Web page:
In your case this makes sense (mostly) as you have a known reduction in income coming up.  In that case its similar to someone about to FIRE, and you want to reduce sequence of return risk, or in this case maximize savings at a future point to continue to fill tax buckets.

The math says that if you are filling 50% of your tax buckets now (1/2 of $50,000 in 2 401ks and 2 IRAs), and are essentially forgoing 25k in tax savings now and next year, you have to max out the tax accounts for at least 3 years before you break even BUT that is only if you could not deposit anything towards your 401k while still paying the mortgage.  What is the maximum you could pay to your 401k in two years if you still had the mortgage, and how quickly to you both plan to FIRE after that?

By skipping out on 25k each year this year and next, you are losing out on $97,000 of tax free deposits and growth by the end of 10 years- and that's without even calculating the tax savings.  It is very likely that 97k is more that the entire interest on your loan.

I agree with TexasRunner: Do not pay off that mortgage, but rather invest in the 401k. As TexasRunner elegantly pointed out, the tax savings alone more than cover your interest (not even getting into return on investment). After you max tax-deferred accounts, you may want to consider paying off the mortgage, but even then you might want to consider investing in taxable (or Roth IRA) if you are a long way from full retirement.

Careful folks . . . This is a celebration and support thread, not a thread where we try to persuade people to not pay off their mortgage.  (Those threads are elsewhere on the forum -- we can direct people to them).  Definitely appreciate the intent of the last couple comments and applaud your desire to educate, but the mods have stepped in on this thread several times in the past to draw that line.   

Money Badger

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Re: Mortgage Payoff Club!!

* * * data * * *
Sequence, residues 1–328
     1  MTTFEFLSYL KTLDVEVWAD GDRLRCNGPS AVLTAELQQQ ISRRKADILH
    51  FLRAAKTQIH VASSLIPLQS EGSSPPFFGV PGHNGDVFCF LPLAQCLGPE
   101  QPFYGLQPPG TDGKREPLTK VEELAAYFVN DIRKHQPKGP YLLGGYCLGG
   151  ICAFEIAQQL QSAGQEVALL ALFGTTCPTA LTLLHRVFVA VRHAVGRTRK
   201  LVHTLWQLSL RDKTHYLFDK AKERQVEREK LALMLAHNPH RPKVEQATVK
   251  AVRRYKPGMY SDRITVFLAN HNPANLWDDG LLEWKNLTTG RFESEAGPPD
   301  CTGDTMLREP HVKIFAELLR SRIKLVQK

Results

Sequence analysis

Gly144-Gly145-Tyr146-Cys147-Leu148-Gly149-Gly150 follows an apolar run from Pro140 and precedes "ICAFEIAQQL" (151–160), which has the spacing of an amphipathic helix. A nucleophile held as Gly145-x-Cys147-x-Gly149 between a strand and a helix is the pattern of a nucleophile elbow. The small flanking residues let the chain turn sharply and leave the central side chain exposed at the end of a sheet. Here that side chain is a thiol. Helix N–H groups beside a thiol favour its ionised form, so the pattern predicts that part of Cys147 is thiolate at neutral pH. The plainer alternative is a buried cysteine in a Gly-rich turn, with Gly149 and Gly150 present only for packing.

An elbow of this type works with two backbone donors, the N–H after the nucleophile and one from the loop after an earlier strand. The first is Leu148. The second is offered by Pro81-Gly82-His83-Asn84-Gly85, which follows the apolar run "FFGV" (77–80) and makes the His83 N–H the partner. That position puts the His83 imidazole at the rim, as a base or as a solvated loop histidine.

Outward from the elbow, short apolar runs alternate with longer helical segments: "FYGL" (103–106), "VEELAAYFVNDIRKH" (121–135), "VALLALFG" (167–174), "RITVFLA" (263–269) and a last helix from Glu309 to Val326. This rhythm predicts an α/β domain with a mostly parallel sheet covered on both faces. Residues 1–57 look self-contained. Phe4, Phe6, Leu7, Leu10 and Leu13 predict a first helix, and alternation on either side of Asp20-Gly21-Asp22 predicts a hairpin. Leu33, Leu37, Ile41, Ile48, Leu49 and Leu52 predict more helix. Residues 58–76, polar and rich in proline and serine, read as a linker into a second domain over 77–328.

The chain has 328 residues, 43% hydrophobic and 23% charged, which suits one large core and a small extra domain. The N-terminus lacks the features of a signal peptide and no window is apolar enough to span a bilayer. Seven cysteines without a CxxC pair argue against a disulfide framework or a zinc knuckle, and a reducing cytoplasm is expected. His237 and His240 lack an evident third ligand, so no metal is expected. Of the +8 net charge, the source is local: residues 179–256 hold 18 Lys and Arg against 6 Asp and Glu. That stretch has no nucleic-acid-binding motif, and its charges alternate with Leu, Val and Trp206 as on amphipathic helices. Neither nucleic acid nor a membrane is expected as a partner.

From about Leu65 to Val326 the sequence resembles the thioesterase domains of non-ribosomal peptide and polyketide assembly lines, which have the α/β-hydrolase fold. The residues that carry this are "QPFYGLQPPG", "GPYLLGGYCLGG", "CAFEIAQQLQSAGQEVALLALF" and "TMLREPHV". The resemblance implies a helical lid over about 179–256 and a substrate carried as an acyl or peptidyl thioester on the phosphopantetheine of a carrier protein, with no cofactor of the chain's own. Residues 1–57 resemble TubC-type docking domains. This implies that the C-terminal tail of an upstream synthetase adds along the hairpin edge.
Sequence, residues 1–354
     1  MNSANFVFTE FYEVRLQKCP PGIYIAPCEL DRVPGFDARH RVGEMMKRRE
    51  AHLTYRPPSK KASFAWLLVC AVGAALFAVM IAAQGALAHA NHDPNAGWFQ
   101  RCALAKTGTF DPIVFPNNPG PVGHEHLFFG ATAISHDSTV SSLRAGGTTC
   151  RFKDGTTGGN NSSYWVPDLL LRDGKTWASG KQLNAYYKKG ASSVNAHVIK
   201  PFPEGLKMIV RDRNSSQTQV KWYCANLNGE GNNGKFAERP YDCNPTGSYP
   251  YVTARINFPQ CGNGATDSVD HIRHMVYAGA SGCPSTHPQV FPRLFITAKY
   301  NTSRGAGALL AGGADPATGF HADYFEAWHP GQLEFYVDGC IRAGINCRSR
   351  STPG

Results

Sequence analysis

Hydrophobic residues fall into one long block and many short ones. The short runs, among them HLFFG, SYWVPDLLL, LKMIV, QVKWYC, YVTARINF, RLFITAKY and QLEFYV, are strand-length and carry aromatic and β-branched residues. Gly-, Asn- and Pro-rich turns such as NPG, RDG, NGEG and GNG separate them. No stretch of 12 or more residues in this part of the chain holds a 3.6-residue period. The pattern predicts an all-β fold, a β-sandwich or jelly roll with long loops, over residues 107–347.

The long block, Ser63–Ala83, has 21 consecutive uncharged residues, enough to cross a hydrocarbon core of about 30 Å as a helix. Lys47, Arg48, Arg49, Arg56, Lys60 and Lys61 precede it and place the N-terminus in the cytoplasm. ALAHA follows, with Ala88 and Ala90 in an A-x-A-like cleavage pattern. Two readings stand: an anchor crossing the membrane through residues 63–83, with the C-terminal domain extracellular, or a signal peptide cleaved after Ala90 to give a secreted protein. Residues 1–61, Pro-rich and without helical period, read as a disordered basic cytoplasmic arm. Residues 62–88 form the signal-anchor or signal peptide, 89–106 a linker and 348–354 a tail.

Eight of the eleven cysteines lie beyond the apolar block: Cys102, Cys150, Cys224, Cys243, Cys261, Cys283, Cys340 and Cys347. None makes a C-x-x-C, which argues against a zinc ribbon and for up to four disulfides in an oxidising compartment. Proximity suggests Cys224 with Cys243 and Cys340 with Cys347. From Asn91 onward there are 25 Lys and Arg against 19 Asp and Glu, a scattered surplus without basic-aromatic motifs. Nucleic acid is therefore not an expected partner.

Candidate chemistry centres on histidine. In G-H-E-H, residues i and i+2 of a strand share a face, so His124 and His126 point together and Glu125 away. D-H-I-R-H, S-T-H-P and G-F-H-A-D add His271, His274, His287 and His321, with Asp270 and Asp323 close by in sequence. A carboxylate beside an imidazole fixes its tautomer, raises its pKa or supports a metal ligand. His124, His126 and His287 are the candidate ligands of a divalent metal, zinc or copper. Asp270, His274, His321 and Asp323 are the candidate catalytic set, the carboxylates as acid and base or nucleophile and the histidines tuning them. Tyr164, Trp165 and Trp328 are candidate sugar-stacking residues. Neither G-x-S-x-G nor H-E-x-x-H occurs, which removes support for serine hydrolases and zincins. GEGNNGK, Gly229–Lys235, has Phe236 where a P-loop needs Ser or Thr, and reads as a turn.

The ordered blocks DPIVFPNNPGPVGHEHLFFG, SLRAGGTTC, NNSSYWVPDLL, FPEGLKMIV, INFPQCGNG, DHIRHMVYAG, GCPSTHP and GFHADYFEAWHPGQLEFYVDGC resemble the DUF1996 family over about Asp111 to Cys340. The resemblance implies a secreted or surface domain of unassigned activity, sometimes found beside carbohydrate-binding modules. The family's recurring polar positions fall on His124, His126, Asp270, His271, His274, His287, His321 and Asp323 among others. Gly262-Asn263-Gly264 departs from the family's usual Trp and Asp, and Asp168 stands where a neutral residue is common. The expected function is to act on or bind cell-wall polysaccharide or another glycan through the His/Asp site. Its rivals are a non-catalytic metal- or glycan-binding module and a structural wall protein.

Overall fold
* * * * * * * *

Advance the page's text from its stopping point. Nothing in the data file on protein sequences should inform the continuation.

« Reply #1813 on: January 20, 2019, 08:15:45 PM »
And right on cue, here's one to celebrate...   After ~4 years on this thread, as of last week, it's DONE!   ;-)

The mortgage is paid in full, we unlocked a nice bit of equity already put it to work in our stash and our "right size" move to our smaller digs is done.  This accelerates free cash flow for us every month by reduced expenses every month to focus on FIRE.   The incidental savings of downsizing (reduced property taxes, no HOA dues, less utilities, etc.) were greater than our previous mortgage payment in our case for example.

And for even better timing, just received an "Important Notice" from our former lender that the variable rate on our previous ARM was going to reset soon to just over double the initial term's interest rate.   HA!   So sweet to tear that letter up and just laugh out loud about it.    For folks who may be worried or distracted, focus on freedom from debt and you'll get there!

iluvzbeach

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Re: Mortgage Payoff Club!!
« Reply #1814 on: January 20, 2019, 08:26:47 PM »
And right on cue, here's one to celebrate...   After ~4 years on this thread, as of last week, it's DONE!   ;-)

The mortgage is paid in full, we unlocked a nice bit of equity already put it to work in our stash and our "right size" move to our smaller digs is done.  This accelerates free cash flow for us every month by reduced expenses every month to focus on FIRE.   The incidental savings of downsizing (reduced property taxes, no HOA dues, less utilities, etc.) were greater than our previous mortgage payment in our case for example.

And for even better timing, just received an "Important Notice" from our former lender that the variable rate on our previous ARM was going to reset soon to just over double the initial term's interest rate.   HA!   So sweet to tear that letter up and just laugh out loud about it.    For folks who may be worried or distracted, focus on freedom from debt and you'll get there!

Huge congrats! Itís such a great feeling on so many levels.

Trifele

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Re: Mortgage Payoff Club!!
« Reply #1815 on: January 21, 2019, 03:09:35 AM »
And right on cue, here's one to celebrate...   After ~4 years on this thread, as of last week, it's DONE!   ;-)

The mortgage is paid in full, we unlocked a nice bit of equity already put it to work in our stash and our "right size" move to our smaller digs is done.  This accelerates free cash flow for us every month by reduced expenses every month to focus on FIRE.   The incidental savings of downsizing (reduced property taxes, no HOA dues, less utilities, etc.) were greater than our previous mortgage payment in our case for example.

And for even better timing, just received an "Important Notice" from our former lender that the variable rate on our previous ARM was going to reset soon to just over double the initial term's interest rate.   HA!   So sweet to tear that letter up and just laugh out loud about it.    For folks who may be worried or distracted, focus on freedom from debt and you'll get there!

Congratulations @Money Badger !!!   Your "right size" move sounds perfect on multiple levels -- you've unlocked some tremendous power.  That feeling of freedom is pretty damn sweet.  Enjoy!

frizzywhiskers

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Re: Mortgage Payoff Club!!
« Reply #1816 on: January 21, 2019, 07:33:20 PM »
And right on cue, here's one to celebrate...   After ~4 years on this thread, as of last week, it's DONE!   ;-)